“A short conversation inspires him to leave his job and to travel deep into the English countryside to Combe Hall; a lovely house that had been built in the 1600s, that was still a family home, and that housed a private library holding more than eighteen thousand books and three centuries of correspondence.”

Pendower by Marianne Filleul

“I’ve read many novels that consider the reformation at court, and in the light of the marriages of Henry VIII, but I don’t think I’ve read one before that considered its impact on the country.  Marianne Filleul caught the fear and the confusion perfectly, and presented the question in its simplest form. Should mass be said in Latin, that sounded beautiful was not understood, or should it be said in plain language for all to understand?”

Summer: A Wildlife Trust Anthology for the Changing Seasons

“There are so may highlights that it is almost impossible to pick favourites. I loved bat watching with Jacqueline Bain. I was taken by surprise by some lovely writing that I would never have guessed was by Charles Dickens. I was pleased to climb a hill in the Cotswolds with Vivienne Hambly; I was delighted that Jo Cartmell wrote of replacing her lawn with meadow flowers, reminding me that I have a plan a little like that for part of our garden …”

A Woman of Letters by March Cost

“The arc of the story was perfect. It moved from a manse in the Lowlands to a cottage in the Highlands, to London, to London society, across to continental Europe, and then back to London for the war years and thee years that followed. All of the times and places were beautifully evoked. The mixture of romance and intrigue worked beautifully; and is woven into the story so well that it is difficult to say very much without giving much too much away.”

Blood Symmetry by Kate Rhodes

“The writing was wonderful. I knew that this was crime novel, but it could have turned this story into anything it might have wanted to become. And it quickly became clear than the story would be both distinctive and meaningful.”

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To the Bright Edge of the World by Eowyn Ivey

“Sophie was a young teacher, in love with the natural world, when she met Lieutenant Colonel Allen Forrester. He was intrigued by the young woman who was completely unflustered when she was caught up a tree; and she was captivated when he took the time and trouble to find and lead her to the nest of a hummingbird. I was very taken with them both as individuals, and I loved them as a couple. I have found many things to love in this novel, but it was this marriage that I loved most of all.”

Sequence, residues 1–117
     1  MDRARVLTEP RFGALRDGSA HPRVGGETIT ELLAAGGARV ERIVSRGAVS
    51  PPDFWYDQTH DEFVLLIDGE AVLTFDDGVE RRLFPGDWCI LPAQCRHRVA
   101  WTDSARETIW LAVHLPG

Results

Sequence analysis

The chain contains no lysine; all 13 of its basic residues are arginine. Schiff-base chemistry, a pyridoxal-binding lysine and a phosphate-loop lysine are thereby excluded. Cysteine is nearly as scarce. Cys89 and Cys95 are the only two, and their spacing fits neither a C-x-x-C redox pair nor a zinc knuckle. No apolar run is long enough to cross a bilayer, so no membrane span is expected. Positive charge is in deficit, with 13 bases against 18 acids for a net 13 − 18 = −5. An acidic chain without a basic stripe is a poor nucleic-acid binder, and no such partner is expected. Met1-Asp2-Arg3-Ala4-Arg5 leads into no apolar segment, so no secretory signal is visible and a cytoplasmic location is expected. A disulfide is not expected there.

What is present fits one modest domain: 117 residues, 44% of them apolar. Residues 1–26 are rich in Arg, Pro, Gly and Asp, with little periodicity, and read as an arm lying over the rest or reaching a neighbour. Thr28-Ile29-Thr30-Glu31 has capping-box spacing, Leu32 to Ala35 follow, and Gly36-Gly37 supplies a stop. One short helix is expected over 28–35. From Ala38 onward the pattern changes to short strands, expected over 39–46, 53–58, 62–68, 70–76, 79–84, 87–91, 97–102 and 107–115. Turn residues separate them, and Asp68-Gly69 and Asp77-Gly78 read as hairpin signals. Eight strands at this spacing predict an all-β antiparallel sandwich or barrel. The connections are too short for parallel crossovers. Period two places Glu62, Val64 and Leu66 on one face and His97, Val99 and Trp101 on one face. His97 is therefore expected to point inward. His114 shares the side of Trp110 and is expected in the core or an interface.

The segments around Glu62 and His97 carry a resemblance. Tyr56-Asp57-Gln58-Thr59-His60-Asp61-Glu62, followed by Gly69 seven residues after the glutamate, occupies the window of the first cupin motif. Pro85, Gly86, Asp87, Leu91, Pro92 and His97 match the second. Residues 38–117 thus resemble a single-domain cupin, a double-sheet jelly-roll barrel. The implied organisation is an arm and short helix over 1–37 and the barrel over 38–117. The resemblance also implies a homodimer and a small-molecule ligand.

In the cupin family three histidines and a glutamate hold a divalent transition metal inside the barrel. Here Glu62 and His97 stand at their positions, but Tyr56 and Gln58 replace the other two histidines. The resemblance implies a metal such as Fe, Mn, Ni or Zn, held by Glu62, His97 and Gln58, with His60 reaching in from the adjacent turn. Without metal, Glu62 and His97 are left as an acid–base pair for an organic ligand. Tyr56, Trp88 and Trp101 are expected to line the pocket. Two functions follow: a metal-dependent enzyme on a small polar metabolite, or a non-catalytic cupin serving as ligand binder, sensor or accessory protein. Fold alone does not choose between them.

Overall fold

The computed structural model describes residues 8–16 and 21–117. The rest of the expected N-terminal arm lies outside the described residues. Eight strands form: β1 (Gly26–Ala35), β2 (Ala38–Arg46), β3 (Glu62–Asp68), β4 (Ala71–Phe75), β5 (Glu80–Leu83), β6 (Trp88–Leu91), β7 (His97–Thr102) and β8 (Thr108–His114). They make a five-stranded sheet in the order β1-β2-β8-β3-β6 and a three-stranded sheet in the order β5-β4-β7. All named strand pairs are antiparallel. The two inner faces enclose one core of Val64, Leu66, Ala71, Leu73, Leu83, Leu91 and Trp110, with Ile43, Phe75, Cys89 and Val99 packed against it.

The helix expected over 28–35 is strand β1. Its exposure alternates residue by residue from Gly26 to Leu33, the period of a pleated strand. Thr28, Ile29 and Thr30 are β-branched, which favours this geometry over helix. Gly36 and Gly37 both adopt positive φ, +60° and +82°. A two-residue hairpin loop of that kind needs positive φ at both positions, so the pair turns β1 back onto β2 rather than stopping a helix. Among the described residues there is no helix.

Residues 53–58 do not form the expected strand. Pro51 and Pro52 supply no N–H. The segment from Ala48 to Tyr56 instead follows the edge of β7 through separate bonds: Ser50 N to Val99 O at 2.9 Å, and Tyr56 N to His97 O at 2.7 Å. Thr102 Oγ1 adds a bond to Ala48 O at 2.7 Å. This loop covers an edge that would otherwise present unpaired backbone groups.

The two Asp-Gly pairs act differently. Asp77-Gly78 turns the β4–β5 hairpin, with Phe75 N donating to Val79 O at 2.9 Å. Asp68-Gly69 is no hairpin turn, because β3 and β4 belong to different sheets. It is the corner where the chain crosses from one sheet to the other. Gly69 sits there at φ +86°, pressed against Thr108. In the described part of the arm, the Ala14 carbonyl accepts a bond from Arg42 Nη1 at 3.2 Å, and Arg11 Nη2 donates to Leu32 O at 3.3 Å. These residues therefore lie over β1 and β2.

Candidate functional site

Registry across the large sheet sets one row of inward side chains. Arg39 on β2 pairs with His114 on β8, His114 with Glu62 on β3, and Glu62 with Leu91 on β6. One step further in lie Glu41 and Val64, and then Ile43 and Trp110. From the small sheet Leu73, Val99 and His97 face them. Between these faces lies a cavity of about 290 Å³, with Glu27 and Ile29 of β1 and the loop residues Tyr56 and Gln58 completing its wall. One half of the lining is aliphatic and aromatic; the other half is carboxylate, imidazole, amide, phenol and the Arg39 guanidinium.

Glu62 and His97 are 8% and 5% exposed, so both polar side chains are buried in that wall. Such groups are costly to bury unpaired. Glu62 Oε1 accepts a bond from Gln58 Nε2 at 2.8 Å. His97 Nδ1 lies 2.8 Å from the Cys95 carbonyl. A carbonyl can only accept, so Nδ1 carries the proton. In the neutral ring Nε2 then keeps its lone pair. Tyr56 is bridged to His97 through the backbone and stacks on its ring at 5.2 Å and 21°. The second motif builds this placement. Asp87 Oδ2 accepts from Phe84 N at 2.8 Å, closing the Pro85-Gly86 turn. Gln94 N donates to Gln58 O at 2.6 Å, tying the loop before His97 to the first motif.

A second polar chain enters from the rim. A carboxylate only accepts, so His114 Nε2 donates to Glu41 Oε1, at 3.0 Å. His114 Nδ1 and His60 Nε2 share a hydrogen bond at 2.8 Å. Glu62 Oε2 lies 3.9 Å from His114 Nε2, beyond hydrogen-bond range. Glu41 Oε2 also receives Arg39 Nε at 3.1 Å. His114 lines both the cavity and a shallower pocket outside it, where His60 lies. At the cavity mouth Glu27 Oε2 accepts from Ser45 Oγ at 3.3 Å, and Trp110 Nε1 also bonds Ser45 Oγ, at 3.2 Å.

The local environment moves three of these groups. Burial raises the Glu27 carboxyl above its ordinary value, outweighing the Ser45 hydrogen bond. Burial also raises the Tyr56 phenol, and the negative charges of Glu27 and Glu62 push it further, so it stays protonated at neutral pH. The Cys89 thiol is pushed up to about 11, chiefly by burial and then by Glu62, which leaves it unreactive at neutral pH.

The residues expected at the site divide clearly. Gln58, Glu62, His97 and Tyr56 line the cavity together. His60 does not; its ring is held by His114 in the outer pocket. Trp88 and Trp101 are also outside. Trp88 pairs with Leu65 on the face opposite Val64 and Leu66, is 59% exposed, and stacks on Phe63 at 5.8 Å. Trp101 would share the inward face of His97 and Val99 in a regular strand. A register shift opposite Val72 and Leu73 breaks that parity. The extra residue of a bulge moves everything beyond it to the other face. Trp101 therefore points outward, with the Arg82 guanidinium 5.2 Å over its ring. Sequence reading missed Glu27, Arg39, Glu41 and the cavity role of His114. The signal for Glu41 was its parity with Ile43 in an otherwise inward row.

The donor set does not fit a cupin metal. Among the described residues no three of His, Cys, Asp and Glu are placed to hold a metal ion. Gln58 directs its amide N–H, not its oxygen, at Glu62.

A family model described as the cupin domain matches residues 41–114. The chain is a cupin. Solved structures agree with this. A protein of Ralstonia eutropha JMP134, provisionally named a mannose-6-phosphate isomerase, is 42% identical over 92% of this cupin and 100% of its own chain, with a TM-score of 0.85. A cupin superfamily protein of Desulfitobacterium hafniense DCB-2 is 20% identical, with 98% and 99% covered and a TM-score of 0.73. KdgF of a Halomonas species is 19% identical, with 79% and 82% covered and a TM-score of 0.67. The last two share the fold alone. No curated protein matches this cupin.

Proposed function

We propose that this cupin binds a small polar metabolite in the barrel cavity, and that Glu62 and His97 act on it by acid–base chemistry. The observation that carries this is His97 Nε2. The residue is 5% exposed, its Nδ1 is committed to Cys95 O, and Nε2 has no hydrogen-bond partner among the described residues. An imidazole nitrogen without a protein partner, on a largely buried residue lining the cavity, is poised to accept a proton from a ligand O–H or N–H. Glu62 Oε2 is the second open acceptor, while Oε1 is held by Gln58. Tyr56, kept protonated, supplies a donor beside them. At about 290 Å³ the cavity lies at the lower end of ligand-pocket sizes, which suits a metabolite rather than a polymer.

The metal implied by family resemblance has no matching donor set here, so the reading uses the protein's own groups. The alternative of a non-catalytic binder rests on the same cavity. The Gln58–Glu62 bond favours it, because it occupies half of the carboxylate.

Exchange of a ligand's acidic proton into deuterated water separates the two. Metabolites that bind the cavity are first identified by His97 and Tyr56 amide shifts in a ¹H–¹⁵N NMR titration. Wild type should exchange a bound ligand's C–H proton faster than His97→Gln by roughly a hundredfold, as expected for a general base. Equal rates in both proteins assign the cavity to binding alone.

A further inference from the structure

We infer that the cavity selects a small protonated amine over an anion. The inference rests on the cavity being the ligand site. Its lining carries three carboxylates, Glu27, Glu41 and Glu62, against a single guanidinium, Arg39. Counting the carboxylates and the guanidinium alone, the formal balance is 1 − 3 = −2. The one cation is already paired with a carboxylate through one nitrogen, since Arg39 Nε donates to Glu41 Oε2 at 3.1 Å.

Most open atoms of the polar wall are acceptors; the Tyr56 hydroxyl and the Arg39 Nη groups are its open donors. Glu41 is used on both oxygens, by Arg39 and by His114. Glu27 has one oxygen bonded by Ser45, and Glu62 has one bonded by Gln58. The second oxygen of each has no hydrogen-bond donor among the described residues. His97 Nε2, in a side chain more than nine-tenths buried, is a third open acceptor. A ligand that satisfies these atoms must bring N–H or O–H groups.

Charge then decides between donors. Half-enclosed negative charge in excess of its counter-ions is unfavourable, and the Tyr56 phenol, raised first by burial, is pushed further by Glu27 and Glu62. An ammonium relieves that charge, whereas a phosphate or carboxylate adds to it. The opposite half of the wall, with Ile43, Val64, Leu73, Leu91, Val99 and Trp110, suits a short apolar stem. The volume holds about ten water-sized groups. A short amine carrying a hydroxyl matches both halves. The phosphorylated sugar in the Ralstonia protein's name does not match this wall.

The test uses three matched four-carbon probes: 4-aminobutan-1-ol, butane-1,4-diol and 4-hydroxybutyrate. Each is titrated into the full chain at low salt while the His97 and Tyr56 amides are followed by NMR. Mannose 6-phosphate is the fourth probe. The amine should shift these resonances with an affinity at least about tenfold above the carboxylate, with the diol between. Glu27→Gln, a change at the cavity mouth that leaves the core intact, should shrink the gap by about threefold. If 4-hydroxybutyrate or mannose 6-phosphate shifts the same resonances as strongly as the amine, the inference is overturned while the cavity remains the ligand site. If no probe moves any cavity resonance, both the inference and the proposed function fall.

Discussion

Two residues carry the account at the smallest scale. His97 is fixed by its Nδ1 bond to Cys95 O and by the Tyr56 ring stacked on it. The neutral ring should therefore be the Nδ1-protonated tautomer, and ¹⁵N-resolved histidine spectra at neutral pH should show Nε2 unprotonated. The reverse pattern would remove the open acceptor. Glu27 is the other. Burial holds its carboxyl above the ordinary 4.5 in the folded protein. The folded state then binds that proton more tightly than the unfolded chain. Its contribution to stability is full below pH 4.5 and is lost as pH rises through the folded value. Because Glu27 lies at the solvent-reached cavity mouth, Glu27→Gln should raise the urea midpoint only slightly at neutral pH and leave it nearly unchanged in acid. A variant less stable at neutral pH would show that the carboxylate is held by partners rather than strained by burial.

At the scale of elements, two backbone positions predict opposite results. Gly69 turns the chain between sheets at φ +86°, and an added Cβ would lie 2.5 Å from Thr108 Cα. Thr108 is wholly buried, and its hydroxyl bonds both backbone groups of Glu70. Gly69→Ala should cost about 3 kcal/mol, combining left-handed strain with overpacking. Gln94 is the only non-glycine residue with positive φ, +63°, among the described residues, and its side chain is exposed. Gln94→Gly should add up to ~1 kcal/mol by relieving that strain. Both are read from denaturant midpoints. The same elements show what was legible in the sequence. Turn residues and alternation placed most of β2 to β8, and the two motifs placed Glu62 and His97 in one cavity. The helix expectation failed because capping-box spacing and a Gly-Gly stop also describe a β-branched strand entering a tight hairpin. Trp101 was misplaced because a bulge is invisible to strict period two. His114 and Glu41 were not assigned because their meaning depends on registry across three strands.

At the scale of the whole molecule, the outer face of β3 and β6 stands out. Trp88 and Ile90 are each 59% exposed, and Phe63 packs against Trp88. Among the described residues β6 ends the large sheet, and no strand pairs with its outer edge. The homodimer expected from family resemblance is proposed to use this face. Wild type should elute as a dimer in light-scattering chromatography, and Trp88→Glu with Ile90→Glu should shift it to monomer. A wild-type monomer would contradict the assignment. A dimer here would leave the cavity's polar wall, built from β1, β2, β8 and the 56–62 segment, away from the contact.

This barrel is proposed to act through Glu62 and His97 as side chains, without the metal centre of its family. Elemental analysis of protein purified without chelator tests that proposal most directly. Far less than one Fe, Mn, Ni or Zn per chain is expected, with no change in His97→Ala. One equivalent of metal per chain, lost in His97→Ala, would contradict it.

Through Connemara in a Duchess Cart by Somerville & Ross

“When work, life, and other things conspire to keep me at home, surrounded by visitors, at the height of the season there is only one thing to do. I turn to my bookshelves and I look for a Virago Traveller, knowing that those books can take me on wonderful journeys in the best of company.”

Commonwealth by Ann Patchett

“This book caught me by surprise. I’ve read some of Ann Patchett’s work but it’s been a long time since our last encounter; because I’ve liked what I’ve well enough to want to read more, but not quite well enough for months and years to slip by before a book landed that I thought I really must read. I expected it to be good, of course I did; but I didn’t expect it to have such depth and yet be so easy to read, and I didn’t expect it to preoccupy my thoughts during the days I spent travelling through its pages.”

Tell it to a Stranger by Elizabeth Berridge

“The writing was perfectly controlled, and the skill of the author drew me right in and made me think so much of the situation of each woman. That control, that skill, and an extraordinary clarity made every story fascinating. It was the clarity that really struck me; I can only compare it to the feeling you have when you have new glasses and you see the world just that little more clearly than you did through the old pair.”

Saraband by Eliot Bliss

“Saraband is a beautifully wrought and sensitively told coming of age story, set in early 20th century London.Louie is a quiet and imaginative child, growing up in her grandmother’s house, surrounded by aunts and uncles. She loves being out in the world, and her story is scattered with her feelings about the world as the seasons change.”

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Now tell me, what would you put in your box for 2016?

And what do you plan to read in 2017?

39 thoughts on “A Box of Books for 2016

    1. I’m much too indecisive to settle on a list, and I like that this way I can include books that I want to remember for a particular reason and feel I’m not slighting great books that don’t fit in the box. Good luck with Finnegan’s Wake. I’m not brave enough to try a book like that at the moment, and after a year with Dorothy Richardson I’m ready for some more straightforward reading.

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  1. Great box of books! Wishing you a coming new year that is filled with just as many good, if not better, reads.
    My standout discovery for 2016 would have to be Willa Cather, I think. Will definitely be exploring more of her works in the year(s) to come! Margaret Drabble’s Seven Sisters was another surprise, didn’t expect to like it as much as I did. 🙂

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  2. What riches! I love how varied your choices are and am delighted to spot a few of my favourites among them (The Song Collector, which was on my “best of” list in 2015 and To the Bright Edge of the World, which will certainly be on this year’s list). Happy reading in 2017!